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Good article on end of life issues with dementia
Posted: Sunday, September 8, 2019 10:37 AM
Joined: 3/10/2019
Posts: 128

I have failed at creating a "live link" but this is a good article and worth reading.  Key sentence: 

"Because dementia is underrecognized as a terminal condition, our current models for end‐of‐life care are not tailored to meet the needs of people with dementia and their caregivers.'




Posted: Sunday, September 8, 2019 2:22 PM
Joined: 2/3/2018
Posts: 600

Awesome article, Cat. As we are nearing end-of-life, ever so sloooooowwwly, I'm having to figure out what resources are available for Mom and for us to get through to the end. I especially liked this statement...

"...we need to do much more. We need to teach clinicians how to comfortably walk beside people with dementia and their family members through a long and uncertain prognosis toward a certain death. We need to empower all providers to take responsibility for starting and continuing difficult conversations with their patients with dementia about death and dying and provide them with sufficiently long office visits to accommodate these conversations. Ultimately, we need to continue to create and build adequate supports for patients and families and provide them with high‐quality evidence‐based geriatric palliative care for dementia."

Adequate support would be nice. Hell, at this point I'll take inadequate over nothing!

Thanks for sharing.

Posted: Sunday, September 8, 2019 2:24 PM
Joined: 2/3/2018
Posts: 600

Oh, and a p.s. you have to paste a link into an email, make it live there, THEN copy and paste it into a post here to be live on the forums.

Michael E. recently taught me that! I was confused about it too.

Posted: Sunday, September 8, 2019 3:09 PM
Joined: 7/6/2014
Posts: 658
Bob Sacamano
Posted: Monday, September 9, 2019 9:19 AM
Joined: 1/31/2012
Posts: 489

Most interesting nugget was that hospice was mostly created for cancer patients, who have a predictable and fairly rapid period of decline. Death from Alzheimer's, of course, is unpredictable and has a very long period of decline. Which, according to the article, leads to lengthy periods on or off of hospice or abbreviated stays when the afflicted person is very close to the end.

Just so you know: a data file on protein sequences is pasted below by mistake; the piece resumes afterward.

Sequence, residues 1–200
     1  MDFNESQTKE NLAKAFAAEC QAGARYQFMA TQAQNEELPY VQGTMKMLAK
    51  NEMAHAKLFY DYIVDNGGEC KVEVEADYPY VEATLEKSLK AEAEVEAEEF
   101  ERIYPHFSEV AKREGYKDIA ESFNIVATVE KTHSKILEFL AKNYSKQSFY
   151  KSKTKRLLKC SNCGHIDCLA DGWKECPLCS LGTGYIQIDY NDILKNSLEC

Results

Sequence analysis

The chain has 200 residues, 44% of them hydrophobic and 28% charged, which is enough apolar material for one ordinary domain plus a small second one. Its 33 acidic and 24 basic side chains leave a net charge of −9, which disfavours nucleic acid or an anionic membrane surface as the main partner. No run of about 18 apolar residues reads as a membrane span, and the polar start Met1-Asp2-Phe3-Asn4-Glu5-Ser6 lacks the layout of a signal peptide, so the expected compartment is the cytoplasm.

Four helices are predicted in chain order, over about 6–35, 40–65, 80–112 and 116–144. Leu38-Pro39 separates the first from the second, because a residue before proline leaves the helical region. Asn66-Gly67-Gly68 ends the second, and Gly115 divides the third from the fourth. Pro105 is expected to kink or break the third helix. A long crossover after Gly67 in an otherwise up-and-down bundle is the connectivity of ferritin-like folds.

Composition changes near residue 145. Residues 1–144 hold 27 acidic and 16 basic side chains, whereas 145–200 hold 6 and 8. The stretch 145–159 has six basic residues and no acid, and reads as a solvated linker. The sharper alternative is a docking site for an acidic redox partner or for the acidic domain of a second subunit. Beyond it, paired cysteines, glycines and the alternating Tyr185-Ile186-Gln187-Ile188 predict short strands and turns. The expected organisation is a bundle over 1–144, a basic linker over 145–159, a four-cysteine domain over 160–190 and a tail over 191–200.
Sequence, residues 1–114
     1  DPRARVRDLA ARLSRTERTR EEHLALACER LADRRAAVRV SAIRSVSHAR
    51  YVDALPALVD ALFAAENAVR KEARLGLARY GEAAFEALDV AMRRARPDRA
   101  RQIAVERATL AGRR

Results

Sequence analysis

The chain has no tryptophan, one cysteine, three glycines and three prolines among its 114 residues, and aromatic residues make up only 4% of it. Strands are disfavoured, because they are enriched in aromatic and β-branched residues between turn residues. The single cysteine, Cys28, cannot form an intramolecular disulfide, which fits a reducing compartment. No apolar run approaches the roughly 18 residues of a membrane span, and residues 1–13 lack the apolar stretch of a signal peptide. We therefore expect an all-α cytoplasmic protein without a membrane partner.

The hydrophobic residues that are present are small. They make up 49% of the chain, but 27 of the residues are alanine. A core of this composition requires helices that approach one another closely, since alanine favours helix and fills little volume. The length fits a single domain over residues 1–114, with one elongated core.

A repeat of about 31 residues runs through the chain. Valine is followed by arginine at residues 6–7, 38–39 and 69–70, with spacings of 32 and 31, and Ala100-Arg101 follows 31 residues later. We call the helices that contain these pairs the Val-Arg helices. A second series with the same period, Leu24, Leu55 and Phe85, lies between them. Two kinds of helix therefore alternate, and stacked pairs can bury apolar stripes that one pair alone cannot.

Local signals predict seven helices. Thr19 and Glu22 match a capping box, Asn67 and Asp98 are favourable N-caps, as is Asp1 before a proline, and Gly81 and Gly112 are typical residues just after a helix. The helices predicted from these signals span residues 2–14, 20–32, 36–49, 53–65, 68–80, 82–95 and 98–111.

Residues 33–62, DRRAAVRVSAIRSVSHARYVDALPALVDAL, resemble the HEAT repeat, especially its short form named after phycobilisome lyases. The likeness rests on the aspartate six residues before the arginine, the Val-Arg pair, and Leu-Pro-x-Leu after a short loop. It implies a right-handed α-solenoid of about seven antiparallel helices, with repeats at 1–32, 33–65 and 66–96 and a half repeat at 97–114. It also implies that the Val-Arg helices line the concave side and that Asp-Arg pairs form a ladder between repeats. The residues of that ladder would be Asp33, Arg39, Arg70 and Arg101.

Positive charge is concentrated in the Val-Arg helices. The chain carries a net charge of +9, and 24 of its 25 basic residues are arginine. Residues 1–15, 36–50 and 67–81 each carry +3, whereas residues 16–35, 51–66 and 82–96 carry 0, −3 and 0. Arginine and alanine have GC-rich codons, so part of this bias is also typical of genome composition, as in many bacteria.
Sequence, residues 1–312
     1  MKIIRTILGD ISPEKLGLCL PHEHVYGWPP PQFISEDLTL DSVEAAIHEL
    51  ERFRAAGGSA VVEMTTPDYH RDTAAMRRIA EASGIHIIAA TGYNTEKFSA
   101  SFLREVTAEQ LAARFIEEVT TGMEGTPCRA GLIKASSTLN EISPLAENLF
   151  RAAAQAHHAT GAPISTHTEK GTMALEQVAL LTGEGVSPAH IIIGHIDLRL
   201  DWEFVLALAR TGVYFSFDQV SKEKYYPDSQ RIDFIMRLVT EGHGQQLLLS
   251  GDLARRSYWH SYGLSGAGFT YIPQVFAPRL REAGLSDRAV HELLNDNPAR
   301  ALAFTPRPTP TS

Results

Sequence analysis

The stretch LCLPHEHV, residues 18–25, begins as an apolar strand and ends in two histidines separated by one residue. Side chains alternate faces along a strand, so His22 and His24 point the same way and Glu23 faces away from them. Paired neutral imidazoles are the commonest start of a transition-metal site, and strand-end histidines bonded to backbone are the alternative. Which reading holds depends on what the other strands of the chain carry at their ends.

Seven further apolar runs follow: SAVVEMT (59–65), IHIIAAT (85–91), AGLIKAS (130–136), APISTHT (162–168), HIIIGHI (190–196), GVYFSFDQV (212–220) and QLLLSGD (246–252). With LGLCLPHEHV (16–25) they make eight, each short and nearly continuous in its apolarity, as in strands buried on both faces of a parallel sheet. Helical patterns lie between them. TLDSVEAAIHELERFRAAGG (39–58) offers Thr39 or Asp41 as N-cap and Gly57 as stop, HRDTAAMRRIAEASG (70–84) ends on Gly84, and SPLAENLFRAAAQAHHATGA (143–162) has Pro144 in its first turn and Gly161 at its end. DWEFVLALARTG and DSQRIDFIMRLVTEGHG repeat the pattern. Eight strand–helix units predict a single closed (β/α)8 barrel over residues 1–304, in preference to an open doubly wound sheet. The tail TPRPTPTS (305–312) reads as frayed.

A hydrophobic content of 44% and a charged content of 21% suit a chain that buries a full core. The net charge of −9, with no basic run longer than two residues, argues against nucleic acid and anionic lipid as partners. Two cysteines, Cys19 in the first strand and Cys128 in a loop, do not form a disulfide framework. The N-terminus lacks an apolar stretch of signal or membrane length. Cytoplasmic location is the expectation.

Posted: Monday, September 9, 2019 10:40 AM
Joined: 6/5/2014
Posts: 1386

A well researched, well written article. Thanks for posting it.

"The culture of medicine is rooted in the desire to heal and cure, and struggles with the inevitability of degeneration and death." "Yet hopes for future treatments should not impede more immediate and critical conversations...about death and dying."

This is the central theme of a book I recently read titled "Being Mortal." The medical profession certainly needs to adopt a different approach to discussions about the terminality of diagnosed illnesses and end-of-life care, rather than just referring patients to hospice.

Like it or not, we all will face the final chapter of this journey, and although we can never truly prepare ourselves spiritually or emotionally, we can give thought to how we want to spend those last days with our loved ones. I recently visited the dying SO of a close friend in her hospice suite. Before entering, I was instructed to be silent (respect for the dying?), and inside witnessed a somber scene; an unresponsive "guest of honor," surrounded by quietly sobbing, red eyed family members. I prayed silently at the foot of her bed, touched her, and made my exit, glad to escape the gloom.

When it is my DW on that bed, I want her favorite music playing, and I will encourage conversation from visitors whether there is any indication she can hear us or not. When my father passed, after saying our personal goodbyes, we joined hands around his bed and sang his favorite hymns as he took his last breath.   

 So if you haven't already, spend some time discussing this with family and, if possible, your LO. It is a special time, one in which the dying can share special parting gifts if you are receptive...and it need not be a somber one.